Poll: When you have questions about a source text, when do you ask your client?
Thread poster: ProZ.com Staff

ProZ.com Staff
Local time: 10:42
Dec 15, 2014

This forum topic is for the discussion of the poll question "When you have questions about a source text, when do you ask your client?".

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Thayenga  Identity Verified
Local time: 19:42
Member (2009)
English to German
+ ...
It depends Dec 15, 2014

If the question doesn't answer "itself" within the document, then I will ask my client. Of course, before delivering the translation.icon_smile.gif


neilmac  Identity Verified
Local time: 19:42
Spanish to English
+ ...
It depends Dec 15, 2014

With some clients who don't mind, I just send off the queries one by one by e-mail as they crop up, as this is how I prefer to do it. For example, this weekend I had to ask one client to clear up 5 or 6 points this way. Academic clients don't usually object to this modus operandi.
With other clients, who might perceive this approach as "pestering", I usually make up a list of the doubtful expressions and send it to the client for clarification when the first draft is ready.


Tim Drayton  Identity Verified
Local time: 20:42
Turkish to English
+ ...
Other Dec 15, 2014

I very rarely ask clients questions about the source text. With the sort of work I mainly do, I would not expect the client to know much about the text - that is why they are paying me good money to translate it, after all.


Muriel Vasconcellos  Identity Verified
United States
Local time: 10:42
Member (2003)
Spanish to English
+ ...
It depends Dec 15, 2014

First, I try to keep my questions to a minimum, because I know they are an annoyance, even when they are important.

I had one client who encouraged translators to ask their questions while working on the text, which (1) allowed the client more time to find the answers, and (2) improved the efficiency of my task because I got the answers earlier and gained a better handle on the rest of the text.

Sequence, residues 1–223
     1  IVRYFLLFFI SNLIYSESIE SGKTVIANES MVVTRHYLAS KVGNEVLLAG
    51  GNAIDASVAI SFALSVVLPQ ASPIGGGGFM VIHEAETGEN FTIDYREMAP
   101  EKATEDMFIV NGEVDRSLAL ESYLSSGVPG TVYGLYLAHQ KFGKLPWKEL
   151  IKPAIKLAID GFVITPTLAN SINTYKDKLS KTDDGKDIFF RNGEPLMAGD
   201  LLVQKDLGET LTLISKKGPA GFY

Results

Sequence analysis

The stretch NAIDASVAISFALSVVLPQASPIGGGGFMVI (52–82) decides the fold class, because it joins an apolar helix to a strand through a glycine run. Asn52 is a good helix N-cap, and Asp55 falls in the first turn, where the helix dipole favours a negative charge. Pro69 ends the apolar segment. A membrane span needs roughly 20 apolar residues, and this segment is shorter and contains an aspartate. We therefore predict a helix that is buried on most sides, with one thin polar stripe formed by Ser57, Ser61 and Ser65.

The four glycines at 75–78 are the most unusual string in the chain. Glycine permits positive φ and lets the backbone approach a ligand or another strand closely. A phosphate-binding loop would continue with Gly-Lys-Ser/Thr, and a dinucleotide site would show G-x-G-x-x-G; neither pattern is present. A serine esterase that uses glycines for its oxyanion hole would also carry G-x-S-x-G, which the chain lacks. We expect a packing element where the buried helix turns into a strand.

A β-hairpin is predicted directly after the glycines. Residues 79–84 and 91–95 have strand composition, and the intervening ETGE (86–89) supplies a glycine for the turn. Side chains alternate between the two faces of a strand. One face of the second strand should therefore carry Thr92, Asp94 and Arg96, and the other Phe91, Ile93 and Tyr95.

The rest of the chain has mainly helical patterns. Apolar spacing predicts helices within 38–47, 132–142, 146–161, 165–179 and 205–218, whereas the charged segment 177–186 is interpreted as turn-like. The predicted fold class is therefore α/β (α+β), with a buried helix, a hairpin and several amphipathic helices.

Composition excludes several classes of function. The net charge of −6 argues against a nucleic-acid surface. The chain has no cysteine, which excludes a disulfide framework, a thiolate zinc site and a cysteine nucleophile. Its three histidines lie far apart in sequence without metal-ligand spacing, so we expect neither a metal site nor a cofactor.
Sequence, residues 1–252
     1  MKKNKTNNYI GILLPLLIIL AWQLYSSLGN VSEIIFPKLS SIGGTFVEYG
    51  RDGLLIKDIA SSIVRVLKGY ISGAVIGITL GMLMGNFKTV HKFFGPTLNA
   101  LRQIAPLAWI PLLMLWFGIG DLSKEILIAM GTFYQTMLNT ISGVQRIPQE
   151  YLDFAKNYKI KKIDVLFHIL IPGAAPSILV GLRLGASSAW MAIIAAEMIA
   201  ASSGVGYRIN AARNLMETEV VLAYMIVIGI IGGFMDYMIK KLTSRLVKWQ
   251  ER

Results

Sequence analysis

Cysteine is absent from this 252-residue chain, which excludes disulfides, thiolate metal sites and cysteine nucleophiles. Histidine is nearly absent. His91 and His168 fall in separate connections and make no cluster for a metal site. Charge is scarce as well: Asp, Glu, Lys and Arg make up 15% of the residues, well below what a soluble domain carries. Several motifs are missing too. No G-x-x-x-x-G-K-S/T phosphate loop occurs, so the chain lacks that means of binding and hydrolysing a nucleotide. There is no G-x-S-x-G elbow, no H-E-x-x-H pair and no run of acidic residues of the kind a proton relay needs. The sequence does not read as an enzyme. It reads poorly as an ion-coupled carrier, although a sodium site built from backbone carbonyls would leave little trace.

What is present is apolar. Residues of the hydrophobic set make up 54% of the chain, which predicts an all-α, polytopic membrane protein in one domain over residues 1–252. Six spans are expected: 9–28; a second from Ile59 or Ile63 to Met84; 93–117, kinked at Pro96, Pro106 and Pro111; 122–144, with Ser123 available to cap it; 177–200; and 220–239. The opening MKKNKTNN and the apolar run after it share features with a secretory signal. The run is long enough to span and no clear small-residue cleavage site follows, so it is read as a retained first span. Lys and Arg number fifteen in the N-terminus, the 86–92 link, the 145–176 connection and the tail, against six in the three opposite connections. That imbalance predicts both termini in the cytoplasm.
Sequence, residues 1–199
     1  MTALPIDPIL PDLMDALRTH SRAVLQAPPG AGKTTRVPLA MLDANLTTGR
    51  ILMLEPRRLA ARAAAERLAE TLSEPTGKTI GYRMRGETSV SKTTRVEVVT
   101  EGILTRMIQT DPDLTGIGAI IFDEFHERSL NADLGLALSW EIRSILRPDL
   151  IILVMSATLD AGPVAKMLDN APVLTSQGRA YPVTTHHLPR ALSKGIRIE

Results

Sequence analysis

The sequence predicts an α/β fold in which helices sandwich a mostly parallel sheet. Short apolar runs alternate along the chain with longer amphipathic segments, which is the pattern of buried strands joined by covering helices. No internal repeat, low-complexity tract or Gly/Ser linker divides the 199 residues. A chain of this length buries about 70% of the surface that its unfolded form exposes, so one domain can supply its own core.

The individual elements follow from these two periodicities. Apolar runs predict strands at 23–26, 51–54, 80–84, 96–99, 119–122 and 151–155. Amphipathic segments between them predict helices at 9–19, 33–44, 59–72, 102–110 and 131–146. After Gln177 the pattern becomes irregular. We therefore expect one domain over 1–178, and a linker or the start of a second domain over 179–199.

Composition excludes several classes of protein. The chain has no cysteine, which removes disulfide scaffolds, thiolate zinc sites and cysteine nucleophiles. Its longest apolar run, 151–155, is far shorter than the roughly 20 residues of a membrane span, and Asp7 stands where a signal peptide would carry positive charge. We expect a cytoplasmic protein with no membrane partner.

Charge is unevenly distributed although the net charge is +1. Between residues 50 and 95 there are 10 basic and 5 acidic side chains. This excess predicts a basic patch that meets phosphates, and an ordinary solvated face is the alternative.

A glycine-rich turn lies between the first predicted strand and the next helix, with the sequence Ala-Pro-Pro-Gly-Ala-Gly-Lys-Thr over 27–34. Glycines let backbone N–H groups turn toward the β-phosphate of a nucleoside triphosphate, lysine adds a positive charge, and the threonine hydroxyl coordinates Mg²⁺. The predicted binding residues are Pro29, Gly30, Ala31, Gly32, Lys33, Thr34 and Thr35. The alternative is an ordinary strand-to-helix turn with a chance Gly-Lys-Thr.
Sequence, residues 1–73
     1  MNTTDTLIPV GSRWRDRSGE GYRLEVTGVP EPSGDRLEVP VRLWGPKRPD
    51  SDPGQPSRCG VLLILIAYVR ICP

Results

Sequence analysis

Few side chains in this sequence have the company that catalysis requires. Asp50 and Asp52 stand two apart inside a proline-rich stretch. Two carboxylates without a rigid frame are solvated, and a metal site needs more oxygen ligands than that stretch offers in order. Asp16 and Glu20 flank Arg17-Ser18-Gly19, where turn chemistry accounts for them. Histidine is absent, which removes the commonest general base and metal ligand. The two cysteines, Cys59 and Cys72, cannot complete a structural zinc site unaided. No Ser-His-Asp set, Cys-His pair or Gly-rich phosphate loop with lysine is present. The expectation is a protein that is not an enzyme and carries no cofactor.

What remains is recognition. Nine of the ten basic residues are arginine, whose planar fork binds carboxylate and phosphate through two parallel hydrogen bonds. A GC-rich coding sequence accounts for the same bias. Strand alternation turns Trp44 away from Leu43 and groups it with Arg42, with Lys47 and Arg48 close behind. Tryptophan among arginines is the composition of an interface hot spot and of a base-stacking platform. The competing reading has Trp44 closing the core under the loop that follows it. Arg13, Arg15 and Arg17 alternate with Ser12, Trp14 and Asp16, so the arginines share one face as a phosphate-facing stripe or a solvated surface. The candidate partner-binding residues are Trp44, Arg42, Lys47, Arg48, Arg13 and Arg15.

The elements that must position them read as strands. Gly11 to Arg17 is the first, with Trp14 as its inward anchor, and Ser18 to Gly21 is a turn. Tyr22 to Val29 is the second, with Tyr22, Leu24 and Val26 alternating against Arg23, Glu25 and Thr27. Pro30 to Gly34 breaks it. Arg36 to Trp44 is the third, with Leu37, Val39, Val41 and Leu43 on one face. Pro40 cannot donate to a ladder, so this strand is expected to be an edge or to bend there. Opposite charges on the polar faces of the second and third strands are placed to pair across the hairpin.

However, my other clients don't have the luxury of being able to drop what they're doing to do my research, so I simply query them when I deliver the job.

Even though the first approach is more effective, I prefer the latter because, as Thayenga pointed out, the answer often reveals itself as the translation progresses. I wouldn't want to ask a question if it turned out I was capable of answering it myself. It would be a waste of my client's time and make me look less competent.


Balasubramaniam L.  Identity Verified
Local time: 23:12
English to Hindi
+ ...
As they materialise Dec 15, 2014

This is often important, because the way you resolve a certain ambiguity will have a crucial bearing on how you do the rest of the translation.

Putting off obtaining clarification on the ambiguity can result in your having to do the whole translation again, or revising the whole of it at a later stage. To avoid this, I immediately seek clarification on source text doubts.


Teresa Borges
Local time: 18:42
Member (2007)
English to Portuguese
+ ...
Depends Dec 15, 2014

Depends on the problem and on the client… Like Muriel, I try to keep my questions to a minimum. Only last Friday, I was working on a longish text with a very comfortable deadline when I noticed that some words were missing from a paragraph. Before asking the client, I decided to read the rest of the text and, of course, I found the same problem later on… So, all my questions were put on the same email and answered this morning. For other clients, I just send off the queries one by one as they arise. I must say, though, that problems like these are the exception rather than the norm…

[Edited at 2014-12-15 10:56 GMT]


Leon Ivanihin  Identity Verified
Local time: 20:42
Member (2011)
English to Russian
Gathering questions in packages Dec 15, 2014